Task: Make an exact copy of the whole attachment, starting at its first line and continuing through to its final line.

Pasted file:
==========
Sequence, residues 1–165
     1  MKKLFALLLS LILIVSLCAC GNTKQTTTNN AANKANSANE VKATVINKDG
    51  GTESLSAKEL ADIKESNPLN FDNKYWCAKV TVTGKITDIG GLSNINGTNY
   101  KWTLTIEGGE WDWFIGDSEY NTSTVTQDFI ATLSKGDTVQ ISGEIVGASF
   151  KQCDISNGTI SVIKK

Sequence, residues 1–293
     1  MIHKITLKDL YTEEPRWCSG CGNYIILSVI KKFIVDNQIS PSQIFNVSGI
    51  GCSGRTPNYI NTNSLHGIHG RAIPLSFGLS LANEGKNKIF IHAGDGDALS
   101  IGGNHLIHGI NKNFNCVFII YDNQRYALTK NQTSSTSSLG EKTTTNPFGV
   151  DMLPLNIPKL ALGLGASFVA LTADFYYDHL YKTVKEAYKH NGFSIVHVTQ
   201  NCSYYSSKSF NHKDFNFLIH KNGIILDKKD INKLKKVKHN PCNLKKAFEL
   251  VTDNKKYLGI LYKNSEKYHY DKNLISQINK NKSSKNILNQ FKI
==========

Sequence, residues 1–165
     1  MKKLFALLLS LILIVSLCAC GNTKQTTTNN AANKANSANE VKATVINKDG
    51  GTESLSAKEL ADIKESNPLN FDNKYWCAKV TVTGKITDIG GLSNINGTNY
   101  KWTLTIEGGE WDWFIGDSEY NTSTVTQDFI ATLSKGDTVQ ISGEIVGASF
   151  KQCDISNGTI SVIKK

Sequence, residues 1–293
     1  MIHKITLKDL YTEEPRWCSG CGNYIILSVI KKFIVDNQIS PSQIFNVSGI
    51  GCSGRTPNYI NTNSLHGIHG RAIPLSFGLS LANEGKNKIF IHAGDGDALS
   101  IGGNHLIHGI NKNFNCVFII YDNQRYALTK NQTSSTSSLG EKTTTNPFGV
   151  DMLPLNIPKL ALGLGASFVA LTADFYYDHL YKTVKEAYKH NGFSIVHVTQ
   201  NCSYYSSKSF NHKDFNFLIH KNGIILDKKD INKLKKVKHN PCNLKKAFEL
   251  VTDNKKYLGI LYKNSEKYHY DKNLISQINK NKSSKNILNQ FKI